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Aftertaste and sunken centered chocolate cake. Why?

post #1 of 30
Thread Starter 
Yesterday I made a chocolate cake using a recipe from McCall's Cook book (an old book that I believe it out of print currently). I haven't made this cake in quite a few years, but whn I did in the past it was always a hit. I threw away the one I made yesterday, but it's bugging me as to why it came out so bad.

First thing, I usually make three 9" x 1.5" tall layers and yesterday I made two 8" x 2.5" tall cakes. Both cakes had a sunken center and appeared darker than usual. When I was leveling them, I tasted it (thank goodness!!) and after a short time there was such an aftertaste that I had my husband taste it too. He agreed. So I have to remake this cake (will use a different recipe), but it's left me wondering: what happened?

I checked the dates on my ingredients, especially the cocoa, baking soda and baking powder and they're all fine. Does anyone have any ideas? I'd like to know what might have happened so that I can avoid this problem in the future (even thought this is the first time it's happened so far).

Thanks.
-Grace

"Shades of grey wherever I go;
The more I find out the less that I know."
- Billy Joel
"What color's the icing in your world?" - Me
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-Grace

"Shades of grey wherever I go;
The more I find out the less that I know."
- Billy Joel
"What color's the icing in your world?" - Me
Reply
post #2 of 30
Do you think one of your eggs might have been bad?
Live simply. Love generously. Care deeply. Speak kindly. Leave the rest to God.
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Live simply. Love generously. Care deeply. Speak kindly. Leave the rest to God.
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post #3 of 30
Thread Starter 
I guess it's possible, but wouldn't I have smelled it? I do break my eggs in a small bowl and then add them to my batter just for that very reason and also to prevent any sneaky pieces of egg shells that might try to get by me.
-Grace

"Shades of grey wherever I go;
The more I find out the less that I know."
- Billy Joel
"What color's the icing in your world?" - Me
Reply
-Grace

"Shades of grey wherever I go;
The more I find out the less that I know."
- Billy Joel
"What color's the icing in your world?" - Me
Reply
post #4 of 30
Did you use canola oil? I have read that canola oil gives a weird taste to chocolate cakes, to use vegetable or corn oil instead.
- Lilliam
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- Lilliam
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post #5 of 30
Quote:
Originally Posted by Sugar_Plum_Fairy

I guess it's possible, but wouldn't I have smelled it? I do break my eggs in a small bowl and then add them to my batter just for that very reason and also to prevent any sneaky pieces of egg shells that might try to get by me.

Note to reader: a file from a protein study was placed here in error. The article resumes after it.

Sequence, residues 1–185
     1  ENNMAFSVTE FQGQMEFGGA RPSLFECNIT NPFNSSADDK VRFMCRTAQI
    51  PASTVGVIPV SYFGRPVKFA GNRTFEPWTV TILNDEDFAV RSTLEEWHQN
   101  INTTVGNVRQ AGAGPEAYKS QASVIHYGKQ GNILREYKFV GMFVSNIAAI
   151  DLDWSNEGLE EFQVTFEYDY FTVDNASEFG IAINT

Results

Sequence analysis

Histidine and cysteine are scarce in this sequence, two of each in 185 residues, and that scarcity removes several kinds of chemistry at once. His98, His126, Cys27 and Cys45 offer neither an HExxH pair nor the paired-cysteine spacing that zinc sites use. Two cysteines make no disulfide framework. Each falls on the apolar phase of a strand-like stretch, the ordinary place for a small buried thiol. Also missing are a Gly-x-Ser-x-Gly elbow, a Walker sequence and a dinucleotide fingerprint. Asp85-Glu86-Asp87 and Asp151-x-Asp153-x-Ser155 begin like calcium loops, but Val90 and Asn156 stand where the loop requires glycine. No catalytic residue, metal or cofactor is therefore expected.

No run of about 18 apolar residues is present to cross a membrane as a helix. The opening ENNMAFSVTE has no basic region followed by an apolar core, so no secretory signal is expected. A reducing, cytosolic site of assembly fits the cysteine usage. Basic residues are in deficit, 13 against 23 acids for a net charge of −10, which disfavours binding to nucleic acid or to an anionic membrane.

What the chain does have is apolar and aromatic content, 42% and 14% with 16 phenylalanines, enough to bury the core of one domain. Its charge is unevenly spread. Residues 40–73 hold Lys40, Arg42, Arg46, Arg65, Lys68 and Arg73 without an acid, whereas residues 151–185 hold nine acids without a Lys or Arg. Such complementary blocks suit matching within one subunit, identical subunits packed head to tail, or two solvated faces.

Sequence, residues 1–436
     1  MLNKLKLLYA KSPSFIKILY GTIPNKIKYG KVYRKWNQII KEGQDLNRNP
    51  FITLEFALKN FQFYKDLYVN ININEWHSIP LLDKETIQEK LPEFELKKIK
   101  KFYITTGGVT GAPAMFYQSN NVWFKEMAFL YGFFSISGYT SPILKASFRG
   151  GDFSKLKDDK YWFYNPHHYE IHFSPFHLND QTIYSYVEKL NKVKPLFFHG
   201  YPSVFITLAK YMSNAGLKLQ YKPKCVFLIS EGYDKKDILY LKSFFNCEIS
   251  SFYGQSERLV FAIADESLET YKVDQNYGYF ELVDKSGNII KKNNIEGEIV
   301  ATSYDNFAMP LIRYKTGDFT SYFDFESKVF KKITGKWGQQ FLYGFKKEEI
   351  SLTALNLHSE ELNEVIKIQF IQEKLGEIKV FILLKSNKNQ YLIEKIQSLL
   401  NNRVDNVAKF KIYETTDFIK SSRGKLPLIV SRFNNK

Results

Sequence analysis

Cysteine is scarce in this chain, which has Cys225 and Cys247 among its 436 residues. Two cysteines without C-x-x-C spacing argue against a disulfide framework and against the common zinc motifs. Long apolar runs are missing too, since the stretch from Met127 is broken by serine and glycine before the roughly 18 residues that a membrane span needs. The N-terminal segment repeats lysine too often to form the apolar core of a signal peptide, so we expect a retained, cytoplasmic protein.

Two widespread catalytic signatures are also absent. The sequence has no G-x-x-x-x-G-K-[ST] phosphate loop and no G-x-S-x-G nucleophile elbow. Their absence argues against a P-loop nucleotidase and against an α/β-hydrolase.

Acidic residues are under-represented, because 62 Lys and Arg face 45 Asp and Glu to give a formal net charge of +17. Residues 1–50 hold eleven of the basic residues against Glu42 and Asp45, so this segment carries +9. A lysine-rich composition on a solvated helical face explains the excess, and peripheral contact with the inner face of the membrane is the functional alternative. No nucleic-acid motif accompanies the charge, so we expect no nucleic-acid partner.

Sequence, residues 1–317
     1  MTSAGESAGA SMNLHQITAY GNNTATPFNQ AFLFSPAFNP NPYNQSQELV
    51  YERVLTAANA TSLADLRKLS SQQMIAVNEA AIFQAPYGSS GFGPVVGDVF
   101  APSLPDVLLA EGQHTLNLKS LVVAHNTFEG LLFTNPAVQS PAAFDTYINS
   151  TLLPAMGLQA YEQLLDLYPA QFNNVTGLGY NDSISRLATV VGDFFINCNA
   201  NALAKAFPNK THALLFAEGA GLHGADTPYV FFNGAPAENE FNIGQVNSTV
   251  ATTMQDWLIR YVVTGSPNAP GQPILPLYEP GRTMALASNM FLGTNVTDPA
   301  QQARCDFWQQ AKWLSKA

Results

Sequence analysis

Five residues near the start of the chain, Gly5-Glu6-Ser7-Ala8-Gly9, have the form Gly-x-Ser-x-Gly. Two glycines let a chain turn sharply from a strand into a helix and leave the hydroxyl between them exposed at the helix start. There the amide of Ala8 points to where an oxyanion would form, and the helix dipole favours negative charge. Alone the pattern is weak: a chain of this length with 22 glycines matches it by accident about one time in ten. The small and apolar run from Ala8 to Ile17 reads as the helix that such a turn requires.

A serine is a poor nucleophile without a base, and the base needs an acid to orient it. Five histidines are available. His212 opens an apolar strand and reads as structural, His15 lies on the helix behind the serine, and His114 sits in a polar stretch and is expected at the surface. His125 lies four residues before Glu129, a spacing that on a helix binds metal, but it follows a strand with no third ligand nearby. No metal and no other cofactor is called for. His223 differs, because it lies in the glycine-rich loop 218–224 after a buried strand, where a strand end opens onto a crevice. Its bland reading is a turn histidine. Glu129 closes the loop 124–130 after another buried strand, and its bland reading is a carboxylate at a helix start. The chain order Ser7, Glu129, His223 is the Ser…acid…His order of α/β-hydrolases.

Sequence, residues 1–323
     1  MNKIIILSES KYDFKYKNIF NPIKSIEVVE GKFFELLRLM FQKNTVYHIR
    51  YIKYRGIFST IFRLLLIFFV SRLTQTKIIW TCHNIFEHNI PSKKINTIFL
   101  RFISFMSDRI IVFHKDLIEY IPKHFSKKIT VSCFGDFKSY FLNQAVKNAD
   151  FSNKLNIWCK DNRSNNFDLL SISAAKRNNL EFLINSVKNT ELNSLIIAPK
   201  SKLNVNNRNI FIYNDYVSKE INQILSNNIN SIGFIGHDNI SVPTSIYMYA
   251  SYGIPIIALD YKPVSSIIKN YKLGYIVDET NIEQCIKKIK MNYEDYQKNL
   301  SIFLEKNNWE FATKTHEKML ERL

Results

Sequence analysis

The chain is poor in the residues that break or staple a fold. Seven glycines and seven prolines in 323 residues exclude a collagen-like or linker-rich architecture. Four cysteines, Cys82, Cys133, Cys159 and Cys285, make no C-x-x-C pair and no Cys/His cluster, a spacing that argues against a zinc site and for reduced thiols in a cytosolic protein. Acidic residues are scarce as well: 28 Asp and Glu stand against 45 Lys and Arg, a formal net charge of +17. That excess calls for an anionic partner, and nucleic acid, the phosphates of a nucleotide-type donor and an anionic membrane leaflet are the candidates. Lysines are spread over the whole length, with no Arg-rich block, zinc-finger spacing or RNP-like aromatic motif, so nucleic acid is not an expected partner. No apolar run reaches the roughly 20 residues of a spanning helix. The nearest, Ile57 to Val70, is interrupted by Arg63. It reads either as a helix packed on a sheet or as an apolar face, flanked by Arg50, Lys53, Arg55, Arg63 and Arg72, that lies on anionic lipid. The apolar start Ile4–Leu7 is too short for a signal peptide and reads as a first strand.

Sometimes you can smell them and sometimes you can't. I ruined several cakes a while back and have since gone back to an old test my grandmother and mother taught me. Get a bowl or cup of water deep enough to cover an egg standing on it's end (about 3 to 4 inches). Put the egg in the water. If it lays or stands on the bottom, I use it. If it floats, I throw it out.
Live simply. Love generously. Care deeply. Speak kindly. Leave the rest to God.
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Live simply. Love generously. Care deeply. Speak kindly. Leave the rest to God.
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post #6 of 30
I use canola oil for my cakes with no flavor issues. In fact, I like the canola oil because it seems like my cakes are more moist with it.
post #7 of 30
I made a cake yesterday that had a sunken center, and when I torted it hours later I discovered the middle was undercooked. Could that be it?
post #8 of 30
Describe the aftertaste.

Sulfuric, sourish, slightly salty - bad egg

Rancid, moldy, flat - bad oil or shortening

Too much or undissolved leavening agent (baking soda or baking powder) - chemically, metallic, tinny

spoiled dairy - not discernible in finished product but spoilage could be easily caught at the first whiff of the raw ingredient (scary!)

I know this because in university for our food science class we had to make and evaluate food products made with the most common subpar or spoiled ingredients. We had to look, smell & taste, but thankfully not swallow! YUCK but one of the best lesson learned. 15 years on and I still remember it, down to the adjectives we used to describe them.


As for sunken center, the most likely culprits to me are undissolved leavening, too much leavening, too hot an oven and underbaking.
Formerly The Casual Kitchen. Just here for cake
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Formerly The Casual Kitchen. Just here for cake
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post #9 of 30
Quote:
Originally Posted by KitchenKat


I know this because in university for our food science class we had to make and evaluate food products made with the most common subpar or spoiled ingredients. We had to look, smell & taste, but thankfully not swallow! YUCK but one of the best lesson learned.

15 years on and I still remember it, down to the adjectives we used to describe them.



Wow, I'd say that's one lesson you'll never foget! icon_eek.gif

Thanks for sharing! thumbs_up.gif
post #10 of 30
Quote:
Originally Posted by JanH

Quote:
Originally Posted by KitchenKat


I know this because in university for our food science class we had to make and evaluate food products made with the most common subpar or spoiled ingredients. We had to look, smell & taste, but thankfully not swallow! YUCK but one of the best lesson learned.